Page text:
When Amazon initially launched the Kindle device they also introduced Kindle Direct Publishing, an online entity where authors and publishers can independently publish their books directly to Kindle and Kindle Apps worldwide. Amazon’s Kindle Direct Publishing (KDP) allows you to upload documents in several formats for delivery via Whispernet including Word files (.doc or .docx), MOBI, ePub, text, HTML (Zip), RTF and PDF files which they will convert into their own eBook format (.mobi). The service is completely free, the interface is intuitive and simple to use and within 24 hours of a successful upload (manuscript and cover) your eBook will be published and available for sale.

The Kindle Previewer allows you to view your uploaded file to ensure it looks ok, and you can upload your file again if necessary. The author dashboard is also simple and easy to use for editing your published eBook or viewing sales. Authors can upload and charge between $0.99 and $200.00 per sale (download). Amazon takes a 30% royalty cut on books priced between $2.99 to $9.99. For books priced out of that range or for buyers outside Amazon’s specified countries (like Australia) they take a 65% royalty cut on each book sale. Since Amazon is the biggest eBook player in town, you have to be on Amazon, either directly via KDP, or indirectly via the other related services.

In a December, 2009 interview with The New York Times, Amazon’s CEO Jeff Bezos revealed that Amazon.com kept 65% of the revenue from all eBook sales for the Kindle. The remaining 35% is split between the book author and publisher. After numerous commentators observed that Apple’s popular App Store offers 70% of royalties to the publisher, Amazon began a program that offers 70% royalties to Kindle publishers who agree to certain conditions. Some of these conditions, such as the inability to opt out of the lendability feature, have caused some controversy.

Do the costs outweigh the benefits?

With a line of extremely successful eReaders and a gigantic user base, Amazon and its Kindle Direct Publishing service seem like a no-brainer for independent authors. But Andrew Hyde tracked the performance of his recently released title, This Book is About Travel, through the retailer’s digital store and discovered that Amazon may not actually be the wisest way to distribute one’s work. Despite accounting for a vast majority of his initial sales and a spot as Amazon’s number 1 ‘Hot New Release in Travel’, Hyde’s book brought in a considerably lower amount of income per sale than if sold as an Apple iBook, Barnes and Noble Nook book, or a PDF file.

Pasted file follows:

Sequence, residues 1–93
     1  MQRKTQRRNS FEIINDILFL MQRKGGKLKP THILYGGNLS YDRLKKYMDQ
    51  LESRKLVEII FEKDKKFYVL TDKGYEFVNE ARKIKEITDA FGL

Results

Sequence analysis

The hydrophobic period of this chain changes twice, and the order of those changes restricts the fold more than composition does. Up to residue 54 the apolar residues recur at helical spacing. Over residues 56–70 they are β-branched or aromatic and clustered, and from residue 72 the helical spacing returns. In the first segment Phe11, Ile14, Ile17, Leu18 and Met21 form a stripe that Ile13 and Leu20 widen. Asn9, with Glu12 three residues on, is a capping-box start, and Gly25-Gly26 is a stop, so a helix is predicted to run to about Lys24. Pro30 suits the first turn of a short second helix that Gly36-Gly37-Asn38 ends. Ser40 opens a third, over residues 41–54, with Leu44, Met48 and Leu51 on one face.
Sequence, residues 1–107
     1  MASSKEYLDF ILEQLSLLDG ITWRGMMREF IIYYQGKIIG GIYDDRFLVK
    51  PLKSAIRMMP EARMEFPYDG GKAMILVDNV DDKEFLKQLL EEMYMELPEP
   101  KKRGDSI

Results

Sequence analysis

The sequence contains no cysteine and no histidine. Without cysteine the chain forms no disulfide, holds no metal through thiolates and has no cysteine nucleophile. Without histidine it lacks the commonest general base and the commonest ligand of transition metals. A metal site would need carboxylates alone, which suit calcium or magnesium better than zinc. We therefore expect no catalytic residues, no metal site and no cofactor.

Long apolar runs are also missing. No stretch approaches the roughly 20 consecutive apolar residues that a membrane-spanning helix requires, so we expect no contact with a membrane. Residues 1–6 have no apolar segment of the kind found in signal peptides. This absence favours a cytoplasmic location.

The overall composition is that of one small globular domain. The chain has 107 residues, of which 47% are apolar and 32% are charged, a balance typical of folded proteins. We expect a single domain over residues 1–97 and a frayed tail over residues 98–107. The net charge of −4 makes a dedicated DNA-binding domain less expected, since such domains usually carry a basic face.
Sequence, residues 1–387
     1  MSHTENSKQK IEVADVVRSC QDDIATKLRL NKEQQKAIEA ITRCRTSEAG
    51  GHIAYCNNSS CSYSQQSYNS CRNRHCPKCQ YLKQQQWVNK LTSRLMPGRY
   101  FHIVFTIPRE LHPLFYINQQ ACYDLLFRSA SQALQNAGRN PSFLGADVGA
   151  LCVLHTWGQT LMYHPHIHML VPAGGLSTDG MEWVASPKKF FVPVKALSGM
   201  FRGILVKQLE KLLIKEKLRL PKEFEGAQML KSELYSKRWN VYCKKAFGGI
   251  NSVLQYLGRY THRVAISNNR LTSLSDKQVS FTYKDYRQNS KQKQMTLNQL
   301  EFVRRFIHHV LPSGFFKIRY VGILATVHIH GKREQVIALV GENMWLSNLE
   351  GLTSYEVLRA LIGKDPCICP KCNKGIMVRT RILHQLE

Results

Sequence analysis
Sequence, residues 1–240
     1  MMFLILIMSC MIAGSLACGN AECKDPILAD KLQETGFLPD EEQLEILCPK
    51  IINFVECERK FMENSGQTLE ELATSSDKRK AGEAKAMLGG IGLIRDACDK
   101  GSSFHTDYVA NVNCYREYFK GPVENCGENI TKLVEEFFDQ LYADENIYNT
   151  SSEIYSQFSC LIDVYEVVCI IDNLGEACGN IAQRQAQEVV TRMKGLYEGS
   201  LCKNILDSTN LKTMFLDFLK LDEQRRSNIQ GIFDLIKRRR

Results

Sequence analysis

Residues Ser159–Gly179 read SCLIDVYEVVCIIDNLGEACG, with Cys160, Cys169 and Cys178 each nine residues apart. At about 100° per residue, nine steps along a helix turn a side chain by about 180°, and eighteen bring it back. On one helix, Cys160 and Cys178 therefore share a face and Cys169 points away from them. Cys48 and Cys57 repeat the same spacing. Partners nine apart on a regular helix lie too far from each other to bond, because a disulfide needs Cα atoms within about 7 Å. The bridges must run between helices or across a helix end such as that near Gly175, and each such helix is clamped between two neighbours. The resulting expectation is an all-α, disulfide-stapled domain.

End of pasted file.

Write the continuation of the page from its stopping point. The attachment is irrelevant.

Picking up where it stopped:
When looking at Kindle Direct Publishing’s advertised 70% royalty rate, one would assume that 30% of each sale would go to Amazon with the rest going to the author. The service’s pricing page specifies that Amazon’s percentage does not take into consideration delivery costs but, since it’s digital, the added fees should (at least theoretically) be minimal. On the contrary, Hyde calculated that Amazon was charging an average of $2.58 in delivery costs for every sale of his $9.99 book. Add that amount to the 30% already owed to the online retailer and the author’s cut drops below half of the product’s sale price. Hyde now advises potential customers to purchase This Book is About Travel as a PDF file through Gumroad.com — where he gets $9.25 for each sale — but only time will tell if losing Amazon’s popular storefront will be beneficial in the long run.

The above scenario took place in mid 2012 and it is interesting to note that the author, Andrew Hyde, has since updated the This Book is About Travel file. When originally published, his book was over 18MB, as opposed to the average eBook which is only several hundred KB (with a delivery cost of approximate $.05). His book is now just over 2MB, so he is now making $6.42 per sale.

Other criticisms involve the business model behind Amazon’s implementation and distribution of eBooks. Amazon introduced a software application allowing Kindle books to be read on an iPhone or iPod Touch. Amazon soon followed with an application called ‘Kindle for PCs’ that can be run on a Windows PC. Due to the book publisher’s DRM policies, Amazon claims that there is no right of first sale with eBooks. Amazon states they are licenced not purchased; so unlike paper books, buyers do not actually own their eBooks according to Amazon. This has however never been tested in the courts and the outcome of any action by Amazon is by no means certain. The law is in a state of flux in jurisdictions around the world.